The son of a Manhattan clothing manufacturer, Ron Leibman defied his family's wishes by dropping out of Wesleyan University to study at the Actor's Studio. Appearing in off-Broadway productions from 1959, Leibman made his Broadway debut in 1963's Dear Me, the Sky is Falling. He won an Obie Award for his work in Transfers, and a New York Drama Desk Award for We Bombed in New Haven. An undeniably major talent, Leibman's explosive temper and entrenched insistence upon integrity at all costs has lost him more jobs than he'd probably care to count (There are some who say that much of Leibman's fabled contentiousness was incorporated into Dustin Hoffman's character in Tootsie).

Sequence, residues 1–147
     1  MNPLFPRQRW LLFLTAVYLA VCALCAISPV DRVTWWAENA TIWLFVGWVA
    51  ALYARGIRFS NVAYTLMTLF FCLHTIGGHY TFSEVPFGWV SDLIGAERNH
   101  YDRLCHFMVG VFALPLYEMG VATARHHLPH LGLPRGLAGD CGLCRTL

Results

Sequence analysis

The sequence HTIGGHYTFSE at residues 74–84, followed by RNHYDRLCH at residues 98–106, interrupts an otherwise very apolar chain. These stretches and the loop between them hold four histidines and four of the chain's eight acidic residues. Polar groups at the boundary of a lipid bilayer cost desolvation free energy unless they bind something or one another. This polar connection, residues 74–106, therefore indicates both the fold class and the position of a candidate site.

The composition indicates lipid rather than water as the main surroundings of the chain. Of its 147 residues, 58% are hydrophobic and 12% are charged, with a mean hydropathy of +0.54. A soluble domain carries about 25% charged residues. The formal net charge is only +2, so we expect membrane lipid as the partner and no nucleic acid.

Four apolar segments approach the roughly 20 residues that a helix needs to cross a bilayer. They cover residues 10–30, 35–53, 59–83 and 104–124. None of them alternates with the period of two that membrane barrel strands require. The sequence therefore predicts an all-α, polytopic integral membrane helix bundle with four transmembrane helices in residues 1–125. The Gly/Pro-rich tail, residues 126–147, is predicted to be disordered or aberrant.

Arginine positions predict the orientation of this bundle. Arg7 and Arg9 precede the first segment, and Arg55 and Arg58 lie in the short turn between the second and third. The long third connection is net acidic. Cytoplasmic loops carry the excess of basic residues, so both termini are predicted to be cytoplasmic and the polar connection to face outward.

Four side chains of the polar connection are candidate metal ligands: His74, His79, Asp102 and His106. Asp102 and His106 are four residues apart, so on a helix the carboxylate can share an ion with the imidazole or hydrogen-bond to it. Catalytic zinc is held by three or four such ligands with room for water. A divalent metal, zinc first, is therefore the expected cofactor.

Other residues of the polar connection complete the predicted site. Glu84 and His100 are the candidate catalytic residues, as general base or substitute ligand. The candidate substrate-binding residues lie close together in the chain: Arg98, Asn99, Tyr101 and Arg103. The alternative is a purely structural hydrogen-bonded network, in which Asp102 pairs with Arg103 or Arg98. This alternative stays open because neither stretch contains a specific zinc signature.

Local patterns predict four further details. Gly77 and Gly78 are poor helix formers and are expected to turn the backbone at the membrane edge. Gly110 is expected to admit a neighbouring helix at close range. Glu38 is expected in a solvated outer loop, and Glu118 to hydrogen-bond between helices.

After resisting series TV for many years, Leibman accepted the role of Martin Kazinksi, ex-con turned lawyer, in the 1978 weekly Kaz; the show died after a single season, but not before he won an Emmy Award (At the time, he insisted he'd never do another series; in 1991, however, he could be seen as Detective Al Burkhardt on the weekly Pacific Station, and earlier had been one of the candidates for the starring role in the TV sitcom Coach). In films, Leibman seems to relish wildly extroverted roles: The relentless stalker of Billy Pilgrim in Slaughterhouse Five (1971), gonzo NYPD troubleshooter "Batman" in The Super Cops (1973), the out-of-town union organizer in Norma Rae (1979), the lithping Cathtillian heavy in Zorro the Gay Blade (1981), abrasive racing promoter Dave Davis in Phar Lap (1984), and Dolly Parton's greasy agent in Rhinestone (1985) (he was starred in Mad Presents Up the Academy, but had a falling out with the producers and insisted that his name be removed from the credits). Returning to Broadway in 1993, Leibman won a Tony Award for Angels in America. Once married to actress Linda Lavin, Ron Leibman is currently wed to actress Jessica Walter.